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Re: very long string support

From: Ben Pfaff
Subject: Re: very long string support
Date: Tue, 02 May 2006 19:51:02 -0700
User-agent: Gnus/5.110004 (No Gnus v0.4) Emacs/21.4 (gnu/linux)

John Darrington <address@hidden> writes:

> I can see where you're comming from.  You want the copy_mangle and
> copy_demangle functions to be wholly contained inside sys-file-write.c
> and sys-file-read.c respectively.  That's how I had orginally
> envisaged it to be, and I tried hard to do it that way.
> But I ran into problems when implementing it. Consider the
> simple case of reading from a file:
> GET /FILE='file-with-very-long-strings.sav'.
> When the values are printed in the list statement, where do they come
> from? The casefile source in this instance is the *.sav file itself.
> Thus, the only way to implement it like you suggest, would be to copy
> the entire file into temporary storage and demangle it there.  Since
> the file could have > 100,000,000 cases, this is impractical.

Currently PSPP *always* makes a copy of the data source, whether
in memory or on disk.[*]  Thus, your 1e8 case .sav file could be a
problem anyway.

But there's no reason to convert the .sav file in place or all at
once.  You just read a case from disk and convert that case in
memory and pass the converted case along.  

[*] It's not impossible to change it so that it does not need to
do so.  In fact it should become relatively easy to do so once my
current group of patches are checked in.  But that's an
orthogonal issue that does not change what we're discussing here.

I think you may have a misconception about how procedures work.
This is essentially what happens:

        1. A case gets read from the source (represented as a
           "struct case_source"), in this case a system file.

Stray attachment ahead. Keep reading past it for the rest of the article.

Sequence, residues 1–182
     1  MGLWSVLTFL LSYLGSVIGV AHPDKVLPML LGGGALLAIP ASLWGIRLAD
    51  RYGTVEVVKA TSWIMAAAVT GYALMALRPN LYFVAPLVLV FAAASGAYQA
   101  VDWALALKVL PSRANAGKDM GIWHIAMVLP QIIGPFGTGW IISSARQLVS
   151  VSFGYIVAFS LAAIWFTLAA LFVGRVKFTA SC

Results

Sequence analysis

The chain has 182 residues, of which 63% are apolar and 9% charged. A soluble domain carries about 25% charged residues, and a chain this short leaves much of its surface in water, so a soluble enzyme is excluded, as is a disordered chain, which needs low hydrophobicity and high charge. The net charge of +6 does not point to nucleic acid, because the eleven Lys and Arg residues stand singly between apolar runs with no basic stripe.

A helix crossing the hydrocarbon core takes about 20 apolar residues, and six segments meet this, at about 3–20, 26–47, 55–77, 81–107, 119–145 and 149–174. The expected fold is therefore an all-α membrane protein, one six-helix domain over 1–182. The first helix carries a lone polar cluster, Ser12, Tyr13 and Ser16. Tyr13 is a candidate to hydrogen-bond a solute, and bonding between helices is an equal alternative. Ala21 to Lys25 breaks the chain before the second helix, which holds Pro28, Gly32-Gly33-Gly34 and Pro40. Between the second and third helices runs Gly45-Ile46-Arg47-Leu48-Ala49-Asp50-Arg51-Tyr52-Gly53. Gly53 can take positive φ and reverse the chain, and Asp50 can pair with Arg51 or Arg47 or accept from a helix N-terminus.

The source is responsible for putting the case into
           the "struct ccase" format.  If we're very lucky, which
           happens if the source is a casefile or a system file
           with certain constraints, no transformation is needed
           and just calling "fread" is sufficient.  But that's by
           no means necessary; arbitrary changes may be
           necessary, e.g. decompression, translating ASCII into
           binary, etc.

        2. The case passes through transformations.  New
           variables might be added or existing variables
           modified.  It might get dropped.  If not, it passes to
           the next step.

           (In your example there aren't any transformations.)

        3. The case is written to the sink (represented as a
           "struct case_sink"), usually, as in this case, a
           casefile.  This sink will become the source for the
           next procedure.

        4. The case passes through transformations that follow
           TEMPORARY.  New variables might be added or existing
           variables modified.  It might get dropped.  If not, it
           passes to the next step.

           (In your example there aren't any temporary

        5. The case is passed to the procedure.  It does with it
           whatever it likes.

This happens *per case*.  After one case traverses these steps,
the next case starts at step 1.  It's possible for the case to
increase in size or be modified in steps 2 or 4.  The case has to
come from somewhere in step 1, and there's nothing restricting
how it's derived.  Certainly, adding or deleting spaces is not a

> I wanted to keep the mangling and demangling with the
> sfm_{read,write}_case functions.  I think I decided that to do this I
> would have to change the signature of case_data_all so that it was
> aware of the variable widths, and that exposing the mangling was the
> lesser of the two evils.  Having said that, looking at it afresh, I
> see that the sfm_* structs do contain the variable widths so by
> completely rewriting the sfm_{read,write}_case functions it may be
> possible (but I've not yet convinced myself).  

There shouldn't be any need to modify case_data_all() or anything
outside the system file reader/writer.

> Notice that even if we can mangle/demangle early, we'll have to
> change the mangling so that the spaces which are removed are
> placed at the end of the string, because we cannot change the
> size of cases.

This doesn't make sense to me.  We can change the format of data
on input or output as much as we want.

Are you confusing system files and casefiles by any chance?
They're completely separate sets of code.

> The only other way I can to possibly isolate the (de)mangle functions,
> would be to add a transformation which does the demangling for us. But
> there are issues which I'm unsure about.

Should not be necessary.
Ben Pfaff 
email: address@hidden

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